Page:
Monday, March 14, 2005

GDC 2005: Serious Games Summit - Raph Koster

Alright, so we're a little behind. I'd rather be posting interesting, coherent thoughts though, so in this case, late is probably preferable. To start the week, I attended the Serious Games Summit (SGS), a mini-conference set within the larger GDC. The SGS focuses on games and game-related technologies applied to uses other than entertainment. Training, education, and military applications seem to dominate this field for now, but some new interesting applications are emerging as well. Here's a rundown of the SGS sessions I attended:

A Theory of Fun for Games
Raph Koster

Raph Koster kicked off the SGS with an interesting talk, one that boiled down to a summary of his book, A Theory of Fun for Game Design. While he didn't make too much effort to tailor the talk for serious games, his theory hinges on learning as key to fun, so it was pretty appropriate. For me, the highlight was his concluding point: "Games are communicative!" He elaborated, arguing that games are the only medium that allows experiential learning of abstract concepts. For more on Raph's thoughts, I highly recommend his book. Just keep in mind that it's only one theory of fun.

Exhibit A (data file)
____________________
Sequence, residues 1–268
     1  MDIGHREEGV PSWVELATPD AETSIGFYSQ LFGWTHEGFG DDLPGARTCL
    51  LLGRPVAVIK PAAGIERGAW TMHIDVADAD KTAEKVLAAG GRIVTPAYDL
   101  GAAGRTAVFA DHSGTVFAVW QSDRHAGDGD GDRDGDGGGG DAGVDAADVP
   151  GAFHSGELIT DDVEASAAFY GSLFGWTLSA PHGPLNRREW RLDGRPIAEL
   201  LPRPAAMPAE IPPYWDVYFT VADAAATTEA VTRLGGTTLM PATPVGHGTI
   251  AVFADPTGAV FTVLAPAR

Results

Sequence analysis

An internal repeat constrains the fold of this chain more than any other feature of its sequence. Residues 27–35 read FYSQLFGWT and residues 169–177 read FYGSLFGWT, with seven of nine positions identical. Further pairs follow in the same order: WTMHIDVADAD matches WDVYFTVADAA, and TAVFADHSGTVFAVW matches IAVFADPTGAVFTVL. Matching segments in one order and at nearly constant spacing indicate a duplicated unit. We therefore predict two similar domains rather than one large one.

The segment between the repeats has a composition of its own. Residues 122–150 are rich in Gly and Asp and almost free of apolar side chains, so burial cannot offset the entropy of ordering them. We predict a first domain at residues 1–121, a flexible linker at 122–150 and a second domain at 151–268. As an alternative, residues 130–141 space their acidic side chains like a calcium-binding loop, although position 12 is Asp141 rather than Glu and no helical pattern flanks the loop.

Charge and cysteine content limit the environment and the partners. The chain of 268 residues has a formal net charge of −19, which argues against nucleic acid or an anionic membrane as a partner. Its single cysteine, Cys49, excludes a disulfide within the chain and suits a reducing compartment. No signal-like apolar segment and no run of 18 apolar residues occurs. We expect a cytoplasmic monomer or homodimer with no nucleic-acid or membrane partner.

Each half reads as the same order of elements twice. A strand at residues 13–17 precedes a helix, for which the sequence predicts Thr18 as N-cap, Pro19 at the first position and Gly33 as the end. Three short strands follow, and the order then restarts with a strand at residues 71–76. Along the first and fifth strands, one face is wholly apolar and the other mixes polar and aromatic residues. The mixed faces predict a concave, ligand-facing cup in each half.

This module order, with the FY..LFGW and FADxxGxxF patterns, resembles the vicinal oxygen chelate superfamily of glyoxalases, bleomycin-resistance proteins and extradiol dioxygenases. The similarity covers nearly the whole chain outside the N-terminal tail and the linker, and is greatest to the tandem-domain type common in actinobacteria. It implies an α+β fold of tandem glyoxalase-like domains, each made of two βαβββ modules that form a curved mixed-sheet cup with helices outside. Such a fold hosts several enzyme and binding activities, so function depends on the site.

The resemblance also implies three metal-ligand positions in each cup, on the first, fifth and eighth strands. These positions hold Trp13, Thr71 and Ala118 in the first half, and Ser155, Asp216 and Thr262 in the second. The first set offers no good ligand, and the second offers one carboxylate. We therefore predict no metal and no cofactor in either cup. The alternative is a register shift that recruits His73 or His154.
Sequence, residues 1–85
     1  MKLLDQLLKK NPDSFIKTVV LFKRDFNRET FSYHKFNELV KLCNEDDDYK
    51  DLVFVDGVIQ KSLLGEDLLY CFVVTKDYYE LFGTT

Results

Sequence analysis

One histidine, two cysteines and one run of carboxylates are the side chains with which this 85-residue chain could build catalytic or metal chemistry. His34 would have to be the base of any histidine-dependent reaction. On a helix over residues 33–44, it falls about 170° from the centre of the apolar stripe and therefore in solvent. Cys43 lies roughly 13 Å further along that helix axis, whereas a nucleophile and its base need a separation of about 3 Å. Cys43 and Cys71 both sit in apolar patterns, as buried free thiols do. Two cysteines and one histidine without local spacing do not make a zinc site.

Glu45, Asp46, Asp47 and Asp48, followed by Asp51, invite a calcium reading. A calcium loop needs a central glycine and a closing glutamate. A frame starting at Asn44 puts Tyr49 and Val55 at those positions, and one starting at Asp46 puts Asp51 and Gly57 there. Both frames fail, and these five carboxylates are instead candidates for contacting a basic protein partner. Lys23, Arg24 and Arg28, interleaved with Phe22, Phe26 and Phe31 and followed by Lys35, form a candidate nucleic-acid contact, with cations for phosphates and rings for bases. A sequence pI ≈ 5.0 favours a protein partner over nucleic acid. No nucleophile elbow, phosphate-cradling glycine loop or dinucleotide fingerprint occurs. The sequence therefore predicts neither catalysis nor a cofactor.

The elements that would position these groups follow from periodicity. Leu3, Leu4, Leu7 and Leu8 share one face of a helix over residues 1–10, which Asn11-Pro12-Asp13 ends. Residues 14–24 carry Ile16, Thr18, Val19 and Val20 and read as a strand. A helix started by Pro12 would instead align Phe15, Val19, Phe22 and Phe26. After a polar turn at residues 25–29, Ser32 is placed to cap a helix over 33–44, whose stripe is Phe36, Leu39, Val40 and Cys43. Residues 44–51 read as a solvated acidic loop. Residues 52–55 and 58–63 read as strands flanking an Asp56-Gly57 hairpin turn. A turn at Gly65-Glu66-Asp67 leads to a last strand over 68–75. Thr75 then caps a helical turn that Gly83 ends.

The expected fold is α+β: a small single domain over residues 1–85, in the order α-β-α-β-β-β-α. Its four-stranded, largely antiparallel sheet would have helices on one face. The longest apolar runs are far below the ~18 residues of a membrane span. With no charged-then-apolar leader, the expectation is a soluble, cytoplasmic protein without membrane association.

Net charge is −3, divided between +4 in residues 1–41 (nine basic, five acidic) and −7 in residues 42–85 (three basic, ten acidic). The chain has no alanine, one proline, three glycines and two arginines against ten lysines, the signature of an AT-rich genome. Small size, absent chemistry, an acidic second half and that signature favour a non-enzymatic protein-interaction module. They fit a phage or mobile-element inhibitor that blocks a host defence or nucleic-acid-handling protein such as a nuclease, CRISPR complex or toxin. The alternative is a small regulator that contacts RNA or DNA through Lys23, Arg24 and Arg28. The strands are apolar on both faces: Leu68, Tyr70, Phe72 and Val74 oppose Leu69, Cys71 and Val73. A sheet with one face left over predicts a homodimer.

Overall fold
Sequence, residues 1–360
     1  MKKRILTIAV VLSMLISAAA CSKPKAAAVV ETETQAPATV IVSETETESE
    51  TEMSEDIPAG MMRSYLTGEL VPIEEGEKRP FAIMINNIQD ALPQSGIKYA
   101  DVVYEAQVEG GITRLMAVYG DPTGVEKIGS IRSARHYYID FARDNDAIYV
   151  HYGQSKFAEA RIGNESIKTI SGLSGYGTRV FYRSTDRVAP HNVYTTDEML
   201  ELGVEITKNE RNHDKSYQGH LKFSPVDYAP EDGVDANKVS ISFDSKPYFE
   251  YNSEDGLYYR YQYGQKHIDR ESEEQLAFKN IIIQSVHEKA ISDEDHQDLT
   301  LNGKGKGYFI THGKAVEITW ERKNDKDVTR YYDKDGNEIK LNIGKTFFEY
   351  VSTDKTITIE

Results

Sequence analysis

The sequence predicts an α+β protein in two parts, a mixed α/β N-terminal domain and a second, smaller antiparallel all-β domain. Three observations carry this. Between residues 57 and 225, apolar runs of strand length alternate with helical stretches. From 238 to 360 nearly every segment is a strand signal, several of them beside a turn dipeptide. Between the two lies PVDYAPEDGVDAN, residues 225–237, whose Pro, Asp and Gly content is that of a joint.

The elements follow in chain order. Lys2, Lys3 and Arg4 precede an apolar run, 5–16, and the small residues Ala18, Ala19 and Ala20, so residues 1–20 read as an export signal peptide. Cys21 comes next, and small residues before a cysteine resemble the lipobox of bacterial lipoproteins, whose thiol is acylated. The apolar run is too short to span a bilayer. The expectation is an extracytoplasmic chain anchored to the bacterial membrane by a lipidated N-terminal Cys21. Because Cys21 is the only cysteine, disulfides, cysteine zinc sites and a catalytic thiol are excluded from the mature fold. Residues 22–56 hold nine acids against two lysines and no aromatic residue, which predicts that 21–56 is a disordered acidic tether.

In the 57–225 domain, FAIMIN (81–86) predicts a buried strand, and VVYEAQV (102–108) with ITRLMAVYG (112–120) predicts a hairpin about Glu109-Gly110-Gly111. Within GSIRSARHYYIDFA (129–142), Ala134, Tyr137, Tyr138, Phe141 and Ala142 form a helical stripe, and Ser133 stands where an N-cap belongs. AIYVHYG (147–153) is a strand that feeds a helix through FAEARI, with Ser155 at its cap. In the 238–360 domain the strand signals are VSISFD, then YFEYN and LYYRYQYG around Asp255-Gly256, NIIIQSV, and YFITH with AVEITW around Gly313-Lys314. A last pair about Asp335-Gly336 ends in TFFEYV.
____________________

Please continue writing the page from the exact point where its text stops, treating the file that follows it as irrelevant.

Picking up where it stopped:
At 8:48 PM, Blogger Seg said...

RE: Dear Friends: Music of Final Fantasy

I want to agree on the annoyance of the non-gamer MC. I didn't come to the concert, with a large body of concert goers who were obviously involved in the game industry as either a player or developer, to see a girl joke about her own short-comings. Not to say that I would have liked a gamer to MC. It would have been more rewarding to see an MC who was knowledgeable in classical music and not gaming. That was the missing element to me; A presence of the classical music world that tied in the work that Nobu Uematsu talked about in his statement.

While I'm on topic, I also wanted to say that the over-head displays were more distracting than aiding. Since the cut scenes were inconsistent and lacked sync, they only distracted from the music, even with close-ups of the musicians. I came to listen, not watch.


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